The ACSI study for the second quarter of this year indicates an increasing frustration of users with Windows Vista. Users mostly complain about poor usability, compatibility problems, slower performance compared to Windows XP and substantial hardware requirements. The dissatisfaction with Vista also affected most major Windows-PC vendors. Apple continues to improve its reputation while Google and Yahoo lead the e-business satisfaction index.
The Q2 American Customer Satisfaction Index (ACSI) released by the National Quality Research Center at the University of Michigan brought more bad news for Microsoft with some data about the satisfaction of American consumers with the company’s latest operating system.
The survey revealed a growing frustration with Windows-based PCs and the computer industry in general, as only Google, Apple and Yahoo were able to increase their ACSI rating. Customer satisfaction index for PCs dropped to 74 points. It fell for the second year in a row and wiped out gains that were made since 2005. Windows-based PC vendors Hewlett-Packard, Gateway, and Compaq declined to 73, 72 and 70 points, respectively. Dell was able to climb by 1 percent to 75 points.
Microsoft by itself was listed with 69 points, compared to 71 points for all software manufacturers ranked by the organization.
ACSI’s Claes Fornell believes that the release of Windows Vista may have contributed to the drop of many PC vendors. "Customers have complained about usability of the new system, sluggish processing speeds and problems of software compatibility, while hardware requirements have led to complaints about price," he said. Users of older machines who felt compelled to upgrade to Vista could have also contributed to the drop.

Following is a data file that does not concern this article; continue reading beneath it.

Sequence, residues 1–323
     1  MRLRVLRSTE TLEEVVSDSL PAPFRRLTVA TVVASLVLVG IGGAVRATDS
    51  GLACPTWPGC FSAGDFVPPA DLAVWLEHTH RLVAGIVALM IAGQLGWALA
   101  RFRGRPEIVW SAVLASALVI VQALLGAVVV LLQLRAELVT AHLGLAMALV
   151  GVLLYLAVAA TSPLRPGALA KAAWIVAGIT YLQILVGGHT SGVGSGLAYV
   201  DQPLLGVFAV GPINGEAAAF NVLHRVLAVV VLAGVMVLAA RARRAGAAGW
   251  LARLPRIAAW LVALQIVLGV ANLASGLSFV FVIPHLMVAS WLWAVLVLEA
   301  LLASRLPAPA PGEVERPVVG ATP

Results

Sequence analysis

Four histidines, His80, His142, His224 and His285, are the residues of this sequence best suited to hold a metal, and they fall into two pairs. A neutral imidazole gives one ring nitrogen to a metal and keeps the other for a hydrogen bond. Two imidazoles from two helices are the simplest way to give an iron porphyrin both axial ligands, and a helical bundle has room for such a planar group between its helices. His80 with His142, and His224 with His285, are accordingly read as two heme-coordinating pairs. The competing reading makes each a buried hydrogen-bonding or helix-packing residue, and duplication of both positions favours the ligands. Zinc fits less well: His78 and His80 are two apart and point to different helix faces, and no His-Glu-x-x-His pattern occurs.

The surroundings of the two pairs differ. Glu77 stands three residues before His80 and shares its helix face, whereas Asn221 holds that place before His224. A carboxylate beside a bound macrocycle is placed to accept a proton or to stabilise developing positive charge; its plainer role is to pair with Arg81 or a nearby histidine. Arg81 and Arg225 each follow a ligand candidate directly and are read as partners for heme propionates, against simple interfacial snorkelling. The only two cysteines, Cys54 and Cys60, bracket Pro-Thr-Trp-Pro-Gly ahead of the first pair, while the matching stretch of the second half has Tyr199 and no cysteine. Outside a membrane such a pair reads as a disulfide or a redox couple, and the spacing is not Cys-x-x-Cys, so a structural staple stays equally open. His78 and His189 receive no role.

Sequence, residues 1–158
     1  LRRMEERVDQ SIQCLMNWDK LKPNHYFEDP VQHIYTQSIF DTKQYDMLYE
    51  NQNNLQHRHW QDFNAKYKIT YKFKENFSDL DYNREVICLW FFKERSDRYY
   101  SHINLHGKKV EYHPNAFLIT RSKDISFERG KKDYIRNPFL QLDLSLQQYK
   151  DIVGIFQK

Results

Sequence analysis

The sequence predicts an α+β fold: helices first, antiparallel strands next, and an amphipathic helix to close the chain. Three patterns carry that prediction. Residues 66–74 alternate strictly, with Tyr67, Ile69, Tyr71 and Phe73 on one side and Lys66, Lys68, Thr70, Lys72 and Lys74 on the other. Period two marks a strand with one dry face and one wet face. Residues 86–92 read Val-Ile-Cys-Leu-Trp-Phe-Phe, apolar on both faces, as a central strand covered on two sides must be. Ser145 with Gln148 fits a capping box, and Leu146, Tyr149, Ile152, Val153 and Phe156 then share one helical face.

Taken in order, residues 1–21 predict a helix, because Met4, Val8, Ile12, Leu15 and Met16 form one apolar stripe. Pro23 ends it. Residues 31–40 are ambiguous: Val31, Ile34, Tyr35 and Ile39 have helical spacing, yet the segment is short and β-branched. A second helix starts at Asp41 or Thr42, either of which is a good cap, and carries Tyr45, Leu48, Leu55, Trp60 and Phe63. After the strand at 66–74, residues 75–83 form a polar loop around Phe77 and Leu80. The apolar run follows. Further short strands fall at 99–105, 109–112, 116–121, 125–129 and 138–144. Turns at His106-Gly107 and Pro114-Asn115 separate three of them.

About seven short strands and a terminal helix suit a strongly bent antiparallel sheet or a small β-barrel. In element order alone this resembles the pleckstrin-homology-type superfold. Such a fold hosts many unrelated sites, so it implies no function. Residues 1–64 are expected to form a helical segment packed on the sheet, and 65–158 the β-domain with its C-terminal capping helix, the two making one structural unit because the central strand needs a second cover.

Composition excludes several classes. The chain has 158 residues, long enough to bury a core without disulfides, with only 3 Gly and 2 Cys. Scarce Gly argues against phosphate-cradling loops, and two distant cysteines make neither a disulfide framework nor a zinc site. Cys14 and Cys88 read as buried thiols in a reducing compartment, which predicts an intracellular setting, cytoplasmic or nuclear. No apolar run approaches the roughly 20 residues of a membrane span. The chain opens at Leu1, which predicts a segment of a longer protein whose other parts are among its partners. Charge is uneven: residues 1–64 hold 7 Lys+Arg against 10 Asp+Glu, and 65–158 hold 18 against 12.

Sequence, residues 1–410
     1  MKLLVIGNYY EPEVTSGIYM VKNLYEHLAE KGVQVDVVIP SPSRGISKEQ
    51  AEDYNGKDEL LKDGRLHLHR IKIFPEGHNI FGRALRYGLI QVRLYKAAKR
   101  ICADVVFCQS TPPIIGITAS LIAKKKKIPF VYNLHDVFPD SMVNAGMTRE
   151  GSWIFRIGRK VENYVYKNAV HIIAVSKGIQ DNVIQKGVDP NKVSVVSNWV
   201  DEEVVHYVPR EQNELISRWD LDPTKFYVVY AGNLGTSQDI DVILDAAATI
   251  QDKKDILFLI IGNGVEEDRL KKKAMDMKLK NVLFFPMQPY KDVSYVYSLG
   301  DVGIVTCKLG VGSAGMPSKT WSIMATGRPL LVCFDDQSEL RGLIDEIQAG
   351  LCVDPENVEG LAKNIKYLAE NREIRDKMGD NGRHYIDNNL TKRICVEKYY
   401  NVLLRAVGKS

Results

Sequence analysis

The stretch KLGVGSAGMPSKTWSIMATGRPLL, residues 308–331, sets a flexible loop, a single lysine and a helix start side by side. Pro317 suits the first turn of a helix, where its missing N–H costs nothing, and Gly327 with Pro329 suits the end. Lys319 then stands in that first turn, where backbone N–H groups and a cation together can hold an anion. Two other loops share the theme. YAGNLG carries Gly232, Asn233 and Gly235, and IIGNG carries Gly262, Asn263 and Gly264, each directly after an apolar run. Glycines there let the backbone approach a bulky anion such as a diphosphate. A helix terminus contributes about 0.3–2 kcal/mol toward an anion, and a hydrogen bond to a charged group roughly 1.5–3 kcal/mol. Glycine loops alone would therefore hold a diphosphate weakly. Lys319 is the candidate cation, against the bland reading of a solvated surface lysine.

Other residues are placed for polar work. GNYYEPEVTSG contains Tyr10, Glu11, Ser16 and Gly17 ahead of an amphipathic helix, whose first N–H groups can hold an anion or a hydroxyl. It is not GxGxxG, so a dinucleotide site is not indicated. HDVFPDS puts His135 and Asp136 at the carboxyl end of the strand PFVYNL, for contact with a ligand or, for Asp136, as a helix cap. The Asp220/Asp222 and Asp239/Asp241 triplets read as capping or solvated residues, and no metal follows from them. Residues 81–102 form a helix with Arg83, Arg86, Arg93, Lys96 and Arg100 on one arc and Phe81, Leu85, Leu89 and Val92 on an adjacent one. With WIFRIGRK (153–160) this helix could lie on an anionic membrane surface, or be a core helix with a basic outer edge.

Apple was one of the big winners in this latest ACSI study. A gain of 8 percent lifted Apple to a total of 85 points. According to the ACSI, Apple’s 10 point lead over its closest rival is one of the largest gaps in customer satisfaction in any industry covered. "It’s hard not to be impressed with Apple," Fornell said. "This is product extension at its best where the new products, iPod and iPhone, are helping bring new customers to existing computer products. The fact that Apple is not dependent on the Windows Vista operating system hasn’t hurt either," he said.
In contrast to the computer industry, other technology and e-business categories surged by almost 6 percent to a record high of 79.3 points. The growth was driven by Google’s all-time high of 86 points (a 10 percent gain). Yahoo fell 3 percent and is now listed with 77 points. In comparison, Microsoft’s MSN is ranked with 75 and AOL with 69 points.